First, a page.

The communication graph of a process is a graph that indicates which processes
communicate with which other processes. Thus, it is a graph in which the
vertices are subprocesses of the top-level process, and in which there is an
edge between any two processes if they can both perform some event. For example,
if Dining Philosophers is loaded, then typing
SYSTEM into the
show the following window:
In the graph, there is a vertex for each
PHIL process and a vertex for each
FORK process. Further, there is a edge between each
PHIL and its
FORK processes, since they can both perform
Clicking on a node in the graph will change the contents of the right-hand pane.
For example, selecting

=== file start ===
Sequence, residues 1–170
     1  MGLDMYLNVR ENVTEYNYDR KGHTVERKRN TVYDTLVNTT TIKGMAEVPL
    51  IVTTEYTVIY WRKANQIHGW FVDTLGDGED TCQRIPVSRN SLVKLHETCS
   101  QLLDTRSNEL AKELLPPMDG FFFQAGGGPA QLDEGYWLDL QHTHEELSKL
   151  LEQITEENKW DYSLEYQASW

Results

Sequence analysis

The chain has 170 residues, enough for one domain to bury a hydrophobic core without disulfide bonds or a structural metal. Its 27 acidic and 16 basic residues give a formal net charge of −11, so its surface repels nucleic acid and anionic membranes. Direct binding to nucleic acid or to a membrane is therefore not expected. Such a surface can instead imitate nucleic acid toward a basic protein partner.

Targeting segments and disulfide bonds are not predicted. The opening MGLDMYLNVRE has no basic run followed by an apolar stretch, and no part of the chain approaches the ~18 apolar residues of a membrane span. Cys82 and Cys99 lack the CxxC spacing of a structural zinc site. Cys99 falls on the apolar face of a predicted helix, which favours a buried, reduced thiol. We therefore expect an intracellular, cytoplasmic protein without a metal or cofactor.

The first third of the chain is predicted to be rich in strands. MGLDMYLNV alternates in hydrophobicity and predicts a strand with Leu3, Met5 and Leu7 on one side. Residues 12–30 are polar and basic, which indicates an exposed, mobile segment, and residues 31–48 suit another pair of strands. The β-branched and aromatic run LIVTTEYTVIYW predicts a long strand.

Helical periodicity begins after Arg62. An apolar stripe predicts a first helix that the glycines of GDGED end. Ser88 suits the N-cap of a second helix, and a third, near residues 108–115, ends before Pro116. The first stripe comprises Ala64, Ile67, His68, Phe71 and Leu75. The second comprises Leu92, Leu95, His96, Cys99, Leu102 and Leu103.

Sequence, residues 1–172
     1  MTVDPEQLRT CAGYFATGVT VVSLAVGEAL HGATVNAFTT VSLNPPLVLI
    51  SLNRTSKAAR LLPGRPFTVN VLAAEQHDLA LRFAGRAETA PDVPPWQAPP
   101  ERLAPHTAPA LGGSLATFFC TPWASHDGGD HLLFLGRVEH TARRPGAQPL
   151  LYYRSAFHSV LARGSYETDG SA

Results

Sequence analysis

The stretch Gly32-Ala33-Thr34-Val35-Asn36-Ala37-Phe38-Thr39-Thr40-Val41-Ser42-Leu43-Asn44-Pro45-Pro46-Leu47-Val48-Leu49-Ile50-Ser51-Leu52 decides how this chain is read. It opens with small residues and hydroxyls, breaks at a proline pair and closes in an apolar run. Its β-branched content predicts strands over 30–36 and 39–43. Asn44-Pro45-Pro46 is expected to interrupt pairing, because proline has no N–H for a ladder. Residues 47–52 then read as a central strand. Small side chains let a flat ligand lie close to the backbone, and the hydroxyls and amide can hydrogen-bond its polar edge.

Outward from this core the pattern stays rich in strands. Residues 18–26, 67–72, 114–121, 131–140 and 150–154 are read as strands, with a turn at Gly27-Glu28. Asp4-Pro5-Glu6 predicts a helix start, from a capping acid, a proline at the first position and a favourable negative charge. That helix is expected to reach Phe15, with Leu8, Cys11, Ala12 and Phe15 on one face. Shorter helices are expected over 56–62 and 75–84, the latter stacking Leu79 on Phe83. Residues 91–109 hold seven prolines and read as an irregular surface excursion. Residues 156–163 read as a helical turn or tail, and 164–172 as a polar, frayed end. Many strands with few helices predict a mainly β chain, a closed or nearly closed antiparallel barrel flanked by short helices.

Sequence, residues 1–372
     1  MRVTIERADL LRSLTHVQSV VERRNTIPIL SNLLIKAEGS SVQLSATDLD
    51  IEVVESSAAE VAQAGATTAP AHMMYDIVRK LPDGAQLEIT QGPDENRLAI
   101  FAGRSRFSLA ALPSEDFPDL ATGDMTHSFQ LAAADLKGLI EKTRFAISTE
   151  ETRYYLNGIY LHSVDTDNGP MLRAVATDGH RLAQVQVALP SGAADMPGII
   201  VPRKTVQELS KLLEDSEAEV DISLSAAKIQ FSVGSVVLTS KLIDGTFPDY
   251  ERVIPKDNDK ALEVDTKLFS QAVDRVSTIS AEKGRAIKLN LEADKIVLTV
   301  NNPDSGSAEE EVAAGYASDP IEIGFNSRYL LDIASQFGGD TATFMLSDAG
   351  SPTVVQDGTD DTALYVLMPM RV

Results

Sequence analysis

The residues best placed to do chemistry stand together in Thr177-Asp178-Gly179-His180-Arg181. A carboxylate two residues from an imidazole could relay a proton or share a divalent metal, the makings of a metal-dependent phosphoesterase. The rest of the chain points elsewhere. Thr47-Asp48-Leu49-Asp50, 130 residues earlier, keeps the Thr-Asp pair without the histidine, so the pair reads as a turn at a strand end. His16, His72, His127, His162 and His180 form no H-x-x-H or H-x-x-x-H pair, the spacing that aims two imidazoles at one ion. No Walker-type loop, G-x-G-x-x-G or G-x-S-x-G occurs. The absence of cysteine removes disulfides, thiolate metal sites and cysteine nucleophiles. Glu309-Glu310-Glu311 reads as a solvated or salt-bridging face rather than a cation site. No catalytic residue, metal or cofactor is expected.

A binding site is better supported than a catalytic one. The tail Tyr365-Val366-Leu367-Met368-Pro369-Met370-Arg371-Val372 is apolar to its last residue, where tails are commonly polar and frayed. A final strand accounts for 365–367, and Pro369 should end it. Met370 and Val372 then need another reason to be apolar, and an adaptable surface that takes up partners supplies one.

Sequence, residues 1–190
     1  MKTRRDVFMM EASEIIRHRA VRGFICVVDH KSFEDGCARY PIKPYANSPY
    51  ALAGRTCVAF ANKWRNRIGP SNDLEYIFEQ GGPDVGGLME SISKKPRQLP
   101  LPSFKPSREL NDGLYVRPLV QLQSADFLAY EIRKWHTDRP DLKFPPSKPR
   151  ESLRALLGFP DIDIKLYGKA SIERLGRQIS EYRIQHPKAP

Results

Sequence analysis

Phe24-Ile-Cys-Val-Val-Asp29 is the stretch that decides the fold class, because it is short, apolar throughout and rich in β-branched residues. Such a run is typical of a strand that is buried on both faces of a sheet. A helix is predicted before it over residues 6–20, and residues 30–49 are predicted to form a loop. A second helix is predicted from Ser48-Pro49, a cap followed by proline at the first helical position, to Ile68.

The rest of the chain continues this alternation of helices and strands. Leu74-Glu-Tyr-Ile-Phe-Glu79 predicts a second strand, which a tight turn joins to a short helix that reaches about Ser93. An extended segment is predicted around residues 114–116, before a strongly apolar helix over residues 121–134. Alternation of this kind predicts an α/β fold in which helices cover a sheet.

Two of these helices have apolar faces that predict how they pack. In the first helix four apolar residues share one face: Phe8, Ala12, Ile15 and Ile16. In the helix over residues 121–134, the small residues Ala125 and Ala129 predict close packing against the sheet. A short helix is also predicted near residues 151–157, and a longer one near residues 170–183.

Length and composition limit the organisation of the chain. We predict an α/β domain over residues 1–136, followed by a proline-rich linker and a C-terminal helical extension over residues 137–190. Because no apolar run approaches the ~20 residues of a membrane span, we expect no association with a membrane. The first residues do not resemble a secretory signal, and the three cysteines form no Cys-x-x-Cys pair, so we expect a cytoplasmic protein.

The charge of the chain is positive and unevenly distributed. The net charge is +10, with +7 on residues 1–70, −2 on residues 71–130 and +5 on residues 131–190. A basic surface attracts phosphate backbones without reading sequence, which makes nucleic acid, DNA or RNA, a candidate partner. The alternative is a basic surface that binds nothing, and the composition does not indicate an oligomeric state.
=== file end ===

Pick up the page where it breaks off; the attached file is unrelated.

PHIL(0) will change the contents of the right-hand
pane to the following:
This indicates the name of the process that is selected, along with the processes’ alphabet (i.e. the set of events it can actually perform). Further, the pane also displays communication partners, which are the other processes with which the process communicates, along with the set of events upon which they synchronise.
The Show Global Events option on the bottom right can be used to toggle
whether or not a global event is considered in the communication graph. A
global event is defined as any event that more than 90% of the processes
participate in, and common examples are events such as
tock. If this box is
left unchecked, then such events will be elided, which will often result in a
reduction in the number of edges in the graph.